She, like her country’s footballers, was on her way to Moscow for the World Cup final, to be a witness to a momentous moment in her country’s history.
“It’s been really crazy, crazy, crazy here during the World Cup,” she says, speaking to CNN Sport from her Croatian home.
“Wednesday it all went on a completely other level. It was just pure happiness, pure celebrations.”
It was on floodlit Wednesday night in the Russian capital, of course, that Croatia’s footballers dug into their infinite reserves of energy to crush English dreams in a gripping World Cup semifinal.
By beating England’s youthful side 2-1 in extra-time, Croatia had emphatically answered those who doubted its staying power following consecutive 120-minute matches and penalties in the last 16 and quarterfinals.
Its victorious team sang on the team bus, chanted outside its hotel, while in Zagreb thousands gathered in the capital’s centre, filling the sky with plumes of red smoke.
The following day, Croatia’s government all wore the country’s national football shirts to its weekly meeting.
“This is the first time it’s happened to us ever. Not a lot of people had high expectations for this World Cup, some weren’t even sure we’d get through the group stage because the group was not easy,” adds Sambol.
“There have been parties in every single place in Croatia, either watching together in city squares or in pubs and after the match ended the way it ended there were fireworks, firecrackers, cars driving around honking all the time, traffic stopped. It was amazing.”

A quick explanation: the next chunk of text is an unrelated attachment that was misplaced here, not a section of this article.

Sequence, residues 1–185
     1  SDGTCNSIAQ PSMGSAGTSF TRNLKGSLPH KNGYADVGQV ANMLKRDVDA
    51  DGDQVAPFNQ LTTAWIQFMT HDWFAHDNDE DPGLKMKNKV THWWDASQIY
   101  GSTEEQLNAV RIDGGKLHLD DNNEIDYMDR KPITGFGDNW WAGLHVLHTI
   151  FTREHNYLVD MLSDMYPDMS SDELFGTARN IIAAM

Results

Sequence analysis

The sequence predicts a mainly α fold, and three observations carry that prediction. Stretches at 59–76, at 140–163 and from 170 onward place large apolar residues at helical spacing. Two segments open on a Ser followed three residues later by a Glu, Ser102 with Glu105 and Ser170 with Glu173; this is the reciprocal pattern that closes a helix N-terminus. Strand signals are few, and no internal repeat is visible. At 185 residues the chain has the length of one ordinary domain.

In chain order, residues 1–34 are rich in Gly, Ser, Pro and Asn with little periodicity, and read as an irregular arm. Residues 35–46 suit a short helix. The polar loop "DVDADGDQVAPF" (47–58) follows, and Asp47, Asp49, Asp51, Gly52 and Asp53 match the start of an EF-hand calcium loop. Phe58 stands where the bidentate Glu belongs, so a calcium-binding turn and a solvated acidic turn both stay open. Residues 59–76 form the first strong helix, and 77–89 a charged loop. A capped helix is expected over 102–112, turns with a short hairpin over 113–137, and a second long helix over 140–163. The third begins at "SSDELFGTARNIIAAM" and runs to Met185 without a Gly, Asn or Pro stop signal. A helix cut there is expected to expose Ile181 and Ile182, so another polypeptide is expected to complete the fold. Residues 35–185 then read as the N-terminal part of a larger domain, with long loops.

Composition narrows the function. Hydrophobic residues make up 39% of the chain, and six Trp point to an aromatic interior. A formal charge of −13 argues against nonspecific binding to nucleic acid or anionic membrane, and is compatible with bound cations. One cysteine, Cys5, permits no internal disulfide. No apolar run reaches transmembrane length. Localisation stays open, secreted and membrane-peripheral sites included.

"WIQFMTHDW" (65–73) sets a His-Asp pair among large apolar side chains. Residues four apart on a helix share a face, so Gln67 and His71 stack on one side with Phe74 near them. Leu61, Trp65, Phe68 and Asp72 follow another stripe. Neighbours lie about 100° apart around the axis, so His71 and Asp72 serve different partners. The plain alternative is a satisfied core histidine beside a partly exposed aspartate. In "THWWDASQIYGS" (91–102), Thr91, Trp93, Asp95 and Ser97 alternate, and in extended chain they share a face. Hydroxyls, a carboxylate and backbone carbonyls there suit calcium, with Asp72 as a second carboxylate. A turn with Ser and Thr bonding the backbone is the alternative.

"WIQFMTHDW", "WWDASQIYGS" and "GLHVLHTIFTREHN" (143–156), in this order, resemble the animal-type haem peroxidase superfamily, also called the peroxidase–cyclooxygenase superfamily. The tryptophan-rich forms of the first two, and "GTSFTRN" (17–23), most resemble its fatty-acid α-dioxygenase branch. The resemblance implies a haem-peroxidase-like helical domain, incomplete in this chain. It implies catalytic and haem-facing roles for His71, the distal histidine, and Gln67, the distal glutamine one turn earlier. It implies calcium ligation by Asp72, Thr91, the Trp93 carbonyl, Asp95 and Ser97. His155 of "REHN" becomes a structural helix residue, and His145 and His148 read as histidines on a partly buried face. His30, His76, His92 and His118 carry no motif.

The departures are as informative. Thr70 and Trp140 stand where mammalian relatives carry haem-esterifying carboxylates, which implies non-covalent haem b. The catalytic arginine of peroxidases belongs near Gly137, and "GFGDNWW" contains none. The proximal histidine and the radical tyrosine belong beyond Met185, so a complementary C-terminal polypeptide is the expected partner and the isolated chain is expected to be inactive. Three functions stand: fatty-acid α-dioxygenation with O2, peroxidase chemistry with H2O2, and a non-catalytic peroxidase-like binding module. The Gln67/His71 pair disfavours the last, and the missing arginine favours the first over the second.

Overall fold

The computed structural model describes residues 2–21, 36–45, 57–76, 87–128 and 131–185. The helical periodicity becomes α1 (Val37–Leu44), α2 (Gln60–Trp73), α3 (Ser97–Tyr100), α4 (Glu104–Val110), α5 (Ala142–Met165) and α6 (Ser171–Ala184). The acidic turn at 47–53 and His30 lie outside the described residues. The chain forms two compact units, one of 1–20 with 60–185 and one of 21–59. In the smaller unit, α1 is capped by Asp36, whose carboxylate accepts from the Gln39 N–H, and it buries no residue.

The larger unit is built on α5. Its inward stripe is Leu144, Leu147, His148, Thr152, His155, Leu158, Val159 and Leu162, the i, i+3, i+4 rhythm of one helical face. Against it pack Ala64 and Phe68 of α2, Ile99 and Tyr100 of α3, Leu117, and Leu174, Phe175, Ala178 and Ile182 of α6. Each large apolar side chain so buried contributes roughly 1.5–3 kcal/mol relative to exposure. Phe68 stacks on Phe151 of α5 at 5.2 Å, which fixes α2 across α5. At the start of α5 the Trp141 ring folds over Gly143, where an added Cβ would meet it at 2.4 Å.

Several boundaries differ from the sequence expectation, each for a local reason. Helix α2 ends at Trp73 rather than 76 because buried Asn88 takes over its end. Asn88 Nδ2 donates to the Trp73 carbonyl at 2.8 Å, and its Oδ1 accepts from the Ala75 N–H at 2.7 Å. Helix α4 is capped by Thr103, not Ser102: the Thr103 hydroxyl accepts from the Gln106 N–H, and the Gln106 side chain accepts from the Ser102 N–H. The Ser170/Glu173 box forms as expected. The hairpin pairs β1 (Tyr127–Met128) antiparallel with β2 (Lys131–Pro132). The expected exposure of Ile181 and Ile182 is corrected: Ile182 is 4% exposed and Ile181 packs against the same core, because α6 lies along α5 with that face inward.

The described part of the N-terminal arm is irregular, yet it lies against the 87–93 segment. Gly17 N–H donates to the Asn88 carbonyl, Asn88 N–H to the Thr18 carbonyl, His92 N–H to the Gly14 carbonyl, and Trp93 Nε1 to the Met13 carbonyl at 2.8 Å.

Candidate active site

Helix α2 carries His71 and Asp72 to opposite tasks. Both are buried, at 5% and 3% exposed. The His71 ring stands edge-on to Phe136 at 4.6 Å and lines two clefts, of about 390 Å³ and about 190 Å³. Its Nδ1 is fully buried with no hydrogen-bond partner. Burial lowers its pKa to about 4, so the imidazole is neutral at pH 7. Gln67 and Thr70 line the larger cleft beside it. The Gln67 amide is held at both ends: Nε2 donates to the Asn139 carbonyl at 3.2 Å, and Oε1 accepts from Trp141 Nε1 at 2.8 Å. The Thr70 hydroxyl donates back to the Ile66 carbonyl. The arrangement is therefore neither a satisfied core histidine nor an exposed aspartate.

A country of four million — one-13th the size of England’s — had overcome demographic and economic odds to reach football’s pinnacle.
Should Croatia beat France in Moscow today, not only would it be a sensational win over a footballing heavyweight but this Balkan country would become the smallest to win football’s biggest prize since Uruguay in 1950.
What is the secret to Croatia’s success at this World Cup? First, it should be noted that it is not just in football that the country excels, suggesting there’s something in the country’s makeup, in its character, in its attitude towards sports.
Croatia’s men are the reigning water polo champions and at the 2017 handball world championships its men came fourth, while at the 2016 Rio Olympics Croatia was 17th in the medals table, finishing ahead of the likes of Canada (population 36 million), Argentina (population 43 million) and South Africa (population 56 million).
But for all the country’s success in handball, volleyball and water polo, Croatia is a footballing country, much like Brazil, England, Argentina and France.
The prospect of breeding brilliant footballers increases when that country is in love with the beautiful game.
Teams do not reach world finals without gifted players and, in Luka Modric, Croatia has a very gifted midfielder widely regarded as the best in the world in his position.
The 32-year-old’s intelligence has stood out in Russia and yet, despite being a superior talent to many of those around him, the captain is also willing to suffer for his team.
No player has covered as much ground in Russia as Modric’s 63km (22.7km when not in possession). He has also scored twice in the tournament.
Outplayed in the first half by England, it was 5ft 5in Modric - his passing, his harrying, his unwillingness to yield — which dragged Croatia to victory.
Alongside Modric in midfield is Ivan Rakitic, a player who has covered just 0.2km less than Real Madrid star and spends most of his weeks in Barcelona colours, supplying the great Lionel Messi.
Two world-class midfielders is a boon to any team.
• By Aimee Lewis, CNN
Culled from CNN.COM